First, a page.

The Sex and Death Conference has ended. Finis est. My congratulations to those of you who have stuck with me so far.
There is so much I would like to share with you about this week: the deep Spirit-storm and coming-of-age themes in Job, the structure of the Song of Songs, even more on the ways the Church has failed today.
But I can’t.
However, I would like to offer up for your consideration one last point.
During the Wine lecture, Jim Jordan explored the reasons why the Church has not only failed to view wine correctly, but has in fact turned vehemently away from the Biblical view.
One of the reasons is a case of walking by sight and not by faith. Theology/tradition trumping Scripture.
We want so desperately to figure some things out that we create our own little world and try to fit the Bible inside it, rather than the other way around.
A clear, current, example of this is the Federal Vision controversy. For those of you unschooled in this, the Federal Vision essentially compares the Body of Christ to a family, in which you can fall from favor, or lose your salvation. I. e., we know that Judas Iscariot was in fact a disciple, chosen by Jesus Himself, yet he obviously lost his salvation.
This is not intended as a defense of Federal Vision. While I do adhere to the FV view, this is not the place for it (I may post that in the future should I feel the need to do so). The point of the illustration is that there are people who are not comfortable with the ideas proposed by FV. They try to box it up, touting the Westminster Confession of Faith (often equal with Scripture), etc.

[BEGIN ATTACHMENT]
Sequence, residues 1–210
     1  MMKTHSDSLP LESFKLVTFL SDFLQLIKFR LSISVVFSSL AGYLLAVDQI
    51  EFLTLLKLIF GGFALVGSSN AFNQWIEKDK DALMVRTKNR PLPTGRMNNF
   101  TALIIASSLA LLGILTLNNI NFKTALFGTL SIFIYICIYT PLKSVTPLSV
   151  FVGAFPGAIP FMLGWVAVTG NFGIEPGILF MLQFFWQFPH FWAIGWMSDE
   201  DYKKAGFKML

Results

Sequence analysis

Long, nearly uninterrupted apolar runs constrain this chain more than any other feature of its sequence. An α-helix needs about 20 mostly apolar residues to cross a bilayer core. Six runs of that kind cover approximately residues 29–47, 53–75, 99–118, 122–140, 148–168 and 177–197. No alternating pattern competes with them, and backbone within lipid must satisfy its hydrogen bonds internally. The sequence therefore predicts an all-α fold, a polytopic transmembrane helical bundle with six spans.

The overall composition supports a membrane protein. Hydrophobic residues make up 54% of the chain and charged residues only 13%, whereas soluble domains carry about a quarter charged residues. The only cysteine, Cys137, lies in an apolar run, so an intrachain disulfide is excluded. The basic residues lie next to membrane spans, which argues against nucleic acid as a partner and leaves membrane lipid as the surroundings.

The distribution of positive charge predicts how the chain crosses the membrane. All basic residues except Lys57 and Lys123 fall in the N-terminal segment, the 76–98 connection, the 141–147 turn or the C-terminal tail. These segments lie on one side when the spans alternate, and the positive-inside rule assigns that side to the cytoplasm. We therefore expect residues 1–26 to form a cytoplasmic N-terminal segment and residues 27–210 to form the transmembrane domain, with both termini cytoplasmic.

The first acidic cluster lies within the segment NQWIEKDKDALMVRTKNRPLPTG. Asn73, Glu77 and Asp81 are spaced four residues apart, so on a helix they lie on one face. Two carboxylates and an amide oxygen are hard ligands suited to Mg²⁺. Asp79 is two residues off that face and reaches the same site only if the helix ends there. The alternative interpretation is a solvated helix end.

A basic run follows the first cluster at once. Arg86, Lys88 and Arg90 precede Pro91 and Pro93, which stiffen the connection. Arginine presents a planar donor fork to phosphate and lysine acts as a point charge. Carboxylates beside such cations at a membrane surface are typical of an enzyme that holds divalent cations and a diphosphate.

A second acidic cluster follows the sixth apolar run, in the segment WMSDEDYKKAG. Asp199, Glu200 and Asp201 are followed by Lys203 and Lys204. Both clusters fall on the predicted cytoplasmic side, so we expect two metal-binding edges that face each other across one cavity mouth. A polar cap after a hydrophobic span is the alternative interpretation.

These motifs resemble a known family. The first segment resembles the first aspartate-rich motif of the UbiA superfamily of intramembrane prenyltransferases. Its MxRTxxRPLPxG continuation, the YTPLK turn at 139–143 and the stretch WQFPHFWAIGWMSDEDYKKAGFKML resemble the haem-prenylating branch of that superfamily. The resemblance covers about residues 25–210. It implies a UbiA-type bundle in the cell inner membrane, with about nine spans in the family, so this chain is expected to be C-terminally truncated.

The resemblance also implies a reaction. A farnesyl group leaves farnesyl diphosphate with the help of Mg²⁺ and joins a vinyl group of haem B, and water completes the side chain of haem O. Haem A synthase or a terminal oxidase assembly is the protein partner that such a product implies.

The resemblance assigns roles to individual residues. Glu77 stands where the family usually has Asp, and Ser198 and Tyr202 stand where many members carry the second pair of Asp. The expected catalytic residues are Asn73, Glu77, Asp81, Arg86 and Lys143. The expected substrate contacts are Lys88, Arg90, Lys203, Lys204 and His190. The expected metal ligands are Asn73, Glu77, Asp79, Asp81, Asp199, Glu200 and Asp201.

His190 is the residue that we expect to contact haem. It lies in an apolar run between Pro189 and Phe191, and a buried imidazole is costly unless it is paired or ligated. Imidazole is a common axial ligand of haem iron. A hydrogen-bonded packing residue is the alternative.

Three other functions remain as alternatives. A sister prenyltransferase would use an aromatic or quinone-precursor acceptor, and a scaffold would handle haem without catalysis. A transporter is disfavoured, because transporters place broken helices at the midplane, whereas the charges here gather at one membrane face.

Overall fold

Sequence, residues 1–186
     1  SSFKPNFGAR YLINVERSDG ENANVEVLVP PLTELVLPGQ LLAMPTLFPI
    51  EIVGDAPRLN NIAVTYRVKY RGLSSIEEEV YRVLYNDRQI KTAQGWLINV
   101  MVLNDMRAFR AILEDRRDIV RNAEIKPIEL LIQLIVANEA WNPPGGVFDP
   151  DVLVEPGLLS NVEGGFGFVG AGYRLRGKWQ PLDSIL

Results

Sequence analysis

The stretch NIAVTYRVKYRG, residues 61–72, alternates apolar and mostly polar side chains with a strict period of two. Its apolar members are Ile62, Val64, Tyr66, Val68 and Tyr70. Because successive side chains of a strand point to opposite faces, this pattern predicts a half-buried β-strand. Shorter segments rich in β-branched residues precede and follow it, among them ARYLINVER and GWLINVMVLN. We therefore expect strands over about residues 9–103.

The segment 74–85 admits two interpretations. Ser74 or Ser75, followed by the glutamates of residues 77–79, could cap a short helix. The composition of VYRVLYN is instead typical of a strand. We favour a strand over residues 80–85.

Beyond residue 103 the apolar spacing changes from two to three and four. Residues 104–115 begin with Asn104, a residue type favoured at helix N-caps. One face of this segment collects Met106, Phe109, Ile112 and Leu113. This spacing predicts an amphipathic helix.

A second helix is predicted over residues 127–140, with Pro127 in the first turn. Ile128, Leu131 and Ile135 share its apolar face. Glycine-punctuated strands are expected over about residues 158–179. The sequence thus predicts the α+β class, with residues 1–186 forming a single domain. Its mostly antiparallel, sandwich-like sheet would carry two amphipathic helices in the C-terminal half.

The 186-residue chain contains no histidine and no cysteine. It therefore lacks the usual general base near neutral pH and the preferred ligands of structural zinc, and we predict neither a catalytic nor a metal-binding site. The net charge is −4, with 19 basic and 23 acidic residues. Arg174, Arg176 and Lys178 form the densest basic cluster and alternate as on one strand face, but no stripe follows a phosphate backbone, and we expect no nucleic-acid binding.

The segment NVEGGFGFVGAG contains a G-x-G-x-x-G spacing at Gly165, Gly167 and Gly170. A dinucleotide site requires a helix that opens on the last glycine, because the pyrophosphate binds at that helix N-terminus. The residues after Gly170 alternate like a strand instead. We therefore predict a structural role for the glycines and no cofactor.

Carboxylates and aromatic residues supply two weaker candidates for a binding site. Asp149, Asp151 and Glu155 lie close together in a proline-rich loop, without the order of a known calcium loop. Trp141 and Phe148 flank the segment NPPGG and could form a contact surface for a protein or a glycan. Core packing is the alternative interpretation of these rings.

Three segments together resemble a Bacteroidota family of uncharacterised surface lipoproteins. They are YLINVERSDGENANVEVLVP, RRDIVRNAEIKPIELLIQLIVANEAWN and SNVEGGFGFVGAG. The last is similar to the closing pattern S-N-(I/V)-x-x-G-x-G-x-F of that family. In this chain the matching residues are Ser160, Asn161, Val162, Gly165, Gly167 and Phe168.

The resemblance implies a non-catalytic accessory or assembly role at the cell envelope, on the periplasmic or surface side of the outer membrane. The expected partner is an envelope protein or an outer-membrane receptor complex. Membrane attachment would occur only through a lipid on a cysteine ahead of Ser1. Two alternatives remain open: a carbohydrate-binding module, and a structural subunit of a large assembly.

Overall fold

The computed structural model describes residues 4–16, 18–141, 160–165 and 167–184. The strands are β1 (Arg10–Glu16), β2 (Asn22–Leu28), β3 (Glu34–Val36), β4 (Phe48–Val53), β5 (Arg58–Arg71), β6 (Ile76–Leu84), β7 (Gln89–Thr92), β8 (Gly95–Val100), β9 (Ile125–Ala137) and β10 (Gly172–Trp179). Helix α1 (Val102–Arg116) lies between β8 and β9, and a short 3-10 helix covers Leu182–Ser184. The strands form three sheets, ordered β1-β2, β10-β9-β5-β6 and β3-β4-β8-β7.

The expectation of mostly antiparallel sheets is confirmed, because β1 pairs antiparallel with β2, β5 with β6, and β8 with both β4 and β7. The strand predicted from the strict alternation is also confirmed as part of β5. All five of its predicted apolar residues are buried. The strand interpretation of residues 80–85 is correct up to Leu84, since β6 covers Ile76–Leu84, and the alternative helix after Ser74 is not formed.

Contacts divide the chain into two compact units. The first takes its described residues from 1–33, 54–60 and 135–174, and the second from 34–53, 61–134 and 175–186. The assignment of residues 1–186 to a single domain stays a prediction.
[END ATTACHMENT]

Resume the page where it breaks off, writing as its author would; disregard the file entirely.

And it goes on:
FV admits that we can’t understand. There are some things we will never understand. But trying to box up salvation into something we can see and understand is sight trumping faith, which is sin.
Ideologies, sets of ideas, are often chosen by Christians despite clear contradictions to the Word of God. Again, what “looks” good being favored over trusting God, even if what He says isn’t always what we want to hear.
Justice is rough. We all deserve Hell. The path is straight and narrow and often rocky. But we’re only pulling the wool over our own eyes if we think we can choose the path that looks the best to us, because that is the one that leads to destruction.